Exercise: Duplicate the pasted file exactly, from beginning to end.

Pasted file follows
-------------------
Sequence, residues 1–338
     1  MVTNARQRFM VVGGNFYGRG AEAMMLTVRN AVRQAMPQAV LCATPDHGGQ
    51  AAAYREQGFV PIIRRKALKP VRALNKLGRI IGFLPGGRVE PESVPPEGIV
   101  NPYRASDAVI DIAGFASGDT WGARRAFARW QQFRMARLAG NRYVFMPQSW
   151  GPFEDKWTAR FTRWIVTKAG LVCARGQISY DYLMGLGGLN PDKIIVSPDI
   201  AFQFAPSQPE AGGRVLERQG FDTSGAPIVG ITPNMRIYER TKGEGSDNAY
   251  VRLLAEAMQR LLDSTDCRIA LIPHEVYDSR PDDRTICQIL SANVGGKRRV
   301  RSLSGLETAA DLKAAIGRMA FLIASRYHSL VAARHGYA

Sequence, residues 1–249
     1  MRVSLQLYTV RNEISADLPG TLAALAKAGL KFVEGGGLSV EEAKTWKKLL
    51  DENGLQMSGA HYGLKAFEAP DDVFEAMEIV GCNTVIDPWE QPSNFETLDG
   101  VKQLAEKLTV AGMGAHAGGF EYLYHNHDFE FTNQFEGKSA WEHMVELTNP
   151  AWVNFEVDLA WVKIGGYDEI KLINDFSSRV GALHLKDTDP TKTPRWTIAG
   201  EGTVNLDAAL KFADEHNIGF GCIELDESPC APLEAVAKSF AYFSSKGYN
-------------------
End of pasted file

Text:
Sequence, residues 1–338
     1  MVTNARQRFM VVGGNFYGRG AEAMMLTVRN AVRQAMPQAV LCATPDHGGQ
    51  AAAYREQGFV PIIRRKALKP VRALNKLGRI IGFLPGGRVE PESVPPEGIV
   101  NPYRASDAVI DIAGFASGDT WGARRAFARW QQFRMARLAG NRYVFMPQSW
   151  GPFEDKWTAR FTRWIVTKAG LVCARGQISY DYLMGLGGLN PDKIIVSPDI
   201  AFQFAPSQPE AGGRVLERQG FDTSGAPIVG ITPNMRIYER TKGEGSDNAY
   251  VRLLAEAMQR LLDSTDCRIA LIPHEVYDSR PDDRTICQIL SANVGGKRRV
   301  RSLSGLETAA DLKAAIGRMA FLIASRYHSL VAARHGYA

Sequence, residues 1–249
     1  MRVSLQLYTV RNEISADLPG TLAALAKAGL KFVEGGGLSV EEAKTWKKLL
    51  DENGLQMSGA HYGLKAFEAP DDVFEAMEIV GCNTVIDPWE QPSNFETLDG
   101  VKQLAEKLTV AGMGAHAGGF EYLYHNHDFE FTNQFEGKSA WEHMVELTNP
   151  AWVNFEVDLA WVKIGGYDEI KLINDFSSRV GALHLKDTDP TKTPRWTIAG
   201  EGTVNLDAAL KFADEHNIGF GCIELDESPC APLEAVAKSF AYFSSKGYN